All Systems Grow

New Markets, Licensing and Creating a Chain

2. Take Your Product to a New Market

Dianne Daniel, president of Handle It LLC in Dublin, Ohio, first marketed GripTwist, an industrial-strength twist tie made of foam-covered wire, to ski shops as a ski and pole binder. It soon became obvious that what could hold unwieldy items like skis together could also hold hoses, tools, ropes and other items--so the company began selling GripTwists to hardware stores. Next, Handle It took the GripTwist into sporting goods stores. Daniel hopes the expansion will boost GripTwist sales to $1 million this year.

New market development can help you reach new customers, but reaching too far can overtax staff, budgets and operational systems. Start small, and check progress as you go, says Ed Chapman, managing partner of VizQuest Ventures LLC, a sales performance and market development firm in Waltham, Massachusetts. "Many companies don't consider market segmentation and target their products too broadly," he says. "Take your solution, sample it among a couple of microsegments, and see which ones stick."

3. License Your Product

Licensing shifts the financial risk from a product's originator to a company willing to take on the burden of marketing and advertising, production and distribution. The shift also includes forfeiting most of the profits, but it may be a fair price to pay for the chance to build a national reputation when cash flow is low.

For Taggies Inc. of Spencer, Massachusetts, the cachet of its licensing partner more than made up for sharing its piece of the pie. In late 2002, Scholastic Inc., the children's publishing behemoth, wanted to license Taggies, a line of blankets and toys with satiny tags attached, for a book collaboration. "The relationship brought us into a market we weren't in before," says Danielle Ayotte, 35, co-founder with Julie Dix, 38.

Ayotte and Dix, whose sales increased from $2 million in 2003 to nearly $3 million in 2004, were lucky to have Scholastic approach them first. Most business owners aren't so fortunate. Before you shop for a licensee, make sure your product is patented--or at least patent pending--and have some research showing sales potential. Then, if you don't already know of a company you'd like to partner with, check out trade shows, online databases and local economic development agencies. A licensing agent can also help you find appropriate companies and broker a deal.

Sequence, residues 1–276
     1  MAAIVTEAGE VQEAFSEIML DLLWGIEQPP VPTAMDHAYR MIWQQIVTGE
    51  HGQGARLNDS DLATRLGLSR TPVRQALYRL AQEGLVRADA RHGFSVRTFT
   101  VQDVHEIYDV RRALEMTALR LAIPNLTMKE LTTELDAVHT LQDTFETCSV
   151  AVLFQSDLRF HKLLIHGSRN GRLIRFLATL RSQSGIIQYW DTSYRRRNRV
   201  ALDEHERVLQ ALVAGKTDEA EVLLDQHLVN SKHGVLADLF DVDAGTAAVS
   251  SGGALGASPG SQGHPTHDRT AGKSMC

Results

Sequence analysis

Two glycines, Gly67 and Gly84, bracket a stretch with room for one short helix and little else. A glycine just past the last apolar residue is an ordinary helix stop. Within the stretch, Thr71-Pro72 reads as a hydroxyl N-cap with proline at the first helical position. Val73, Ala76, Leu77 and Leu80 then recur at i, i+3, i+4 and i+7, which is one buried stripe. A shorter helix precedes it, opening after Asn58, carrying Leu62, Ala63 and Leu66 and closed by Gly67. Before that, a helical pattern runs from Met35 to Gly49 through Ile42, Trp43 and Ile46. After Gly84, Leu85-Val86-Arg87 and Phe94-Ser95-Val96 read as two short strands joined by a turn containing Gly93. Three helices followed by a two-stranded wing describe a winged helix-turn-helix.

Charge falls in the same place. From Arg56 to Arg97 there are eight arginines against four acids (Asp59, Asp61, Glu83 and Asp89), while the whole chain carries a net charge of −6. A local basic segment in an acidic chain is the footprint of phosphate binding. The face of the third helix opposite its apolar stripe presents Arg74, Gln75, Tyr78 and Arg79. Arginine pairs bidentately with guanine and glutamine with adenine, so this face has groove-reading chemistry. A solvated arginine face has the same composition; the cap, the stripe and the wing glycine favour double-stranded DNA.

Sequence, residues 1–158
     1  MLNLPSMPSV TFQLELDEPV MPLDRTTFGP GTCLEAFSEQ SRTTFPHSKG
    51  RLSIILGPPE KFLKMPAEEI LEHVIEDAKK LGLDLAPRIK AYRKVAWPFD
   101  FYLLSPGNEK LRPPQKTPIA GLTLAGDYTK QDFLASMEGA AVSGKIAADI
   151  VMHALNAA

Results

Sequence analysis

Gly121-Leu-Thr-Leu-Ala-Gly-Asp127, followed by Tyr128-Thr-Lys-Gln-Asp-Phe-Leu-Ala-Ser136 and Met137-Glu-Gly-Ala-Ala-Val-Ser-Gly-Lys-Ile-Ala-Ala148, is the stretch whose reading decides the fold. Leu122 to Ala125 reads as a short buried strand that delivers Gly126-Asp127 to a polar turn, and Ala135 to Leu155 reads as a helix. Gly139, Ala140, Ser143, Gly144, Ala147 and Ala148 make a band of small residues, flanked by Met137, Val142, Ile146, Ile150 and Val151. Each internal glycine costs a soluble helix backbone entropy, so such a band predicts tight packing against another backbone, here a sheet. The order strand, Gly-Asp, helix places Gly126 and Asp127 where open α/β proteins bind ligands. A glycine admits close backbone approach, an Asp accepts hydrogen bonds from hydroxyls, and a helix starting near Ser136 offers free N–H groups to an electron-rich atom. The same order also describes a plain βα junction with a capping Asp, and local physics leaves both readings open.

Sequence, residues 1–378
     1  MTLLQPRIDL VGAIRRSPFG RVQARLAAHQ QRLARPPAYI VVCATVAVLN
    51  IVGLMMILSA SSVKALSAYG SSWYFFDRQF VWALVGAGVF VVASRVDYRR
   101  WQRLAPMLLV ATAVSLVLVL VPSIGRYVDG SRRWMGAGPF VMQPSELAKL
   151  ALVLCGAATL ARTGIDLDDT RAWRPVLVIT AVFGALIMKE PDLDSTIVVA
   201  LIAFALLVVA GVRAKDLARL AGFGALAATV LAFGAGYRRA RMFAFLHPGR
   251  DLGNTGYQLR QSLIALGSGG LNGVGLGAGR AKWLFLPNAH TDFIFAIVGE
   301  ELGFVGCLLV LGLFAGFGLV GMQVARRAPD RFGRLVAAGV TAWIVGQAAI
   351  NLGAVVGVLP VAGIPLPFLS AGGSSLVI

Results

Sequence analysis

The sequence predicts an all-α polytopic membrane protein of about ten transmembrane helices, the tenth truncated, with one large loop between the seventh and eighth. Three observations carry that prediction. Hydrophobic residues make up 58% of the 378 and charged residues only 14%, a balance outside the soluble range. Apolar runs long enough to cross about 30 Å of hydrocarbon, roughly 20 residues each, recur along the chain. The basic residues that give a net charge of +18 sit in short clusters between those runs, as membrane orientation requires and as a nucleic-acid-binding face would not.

Licensees can be picky, and so should the licensor. Davis of Revitalization Partners recommends choosing a partner who can offer potentially high volumes of distribution. While contracting with a large company might mean a smaller royalty percentage, the potential customer reach will more than make up for it. A good licensing partner should also have an established reputation for quality and service and an aggressive plan to market and advertise your product. For a check on past performance, talk to other licensors contracting with your selected company.

4. Start a Chain

A restaurant, retail or service business that's easily reproduced and can be run from a distance is great for launching a chain. But entrepreneurs must know exactly what makes the original store work and what won't easily transfer to a new site. "You have to ask, 'How much of this success is tied to me, my location or my staff?'" says Chris Wheeler, managing director of Ballenger Cleveland & Issa LLC in Newport Beach, California, a consulting firm specializing in financial and business turnarounds. Defining operating procedures down to the last detail, sharing staff between locations to establish the company's culture in the new location, and developing a training program for new employees all help start things off right.

Launching multiple locations can present some surprises. When Zoots Corp., an eco-friendly dry cleaning chain in Newton, Massachusetts, opened the doors of its third unit, the company launched a marketing campaign to herald the new arrival. "Suddenly, we had three stores doing three times the business of our first two stores," says Todd Krasnow, 47, chair and co-founder. The company, which had about $50 million in sales in 2004, found it difficult to meet its service standards. To avoid similar deluges in the future, Zoots cut back on big promotions, relying instead on word-of-mouth and periodic advertising.

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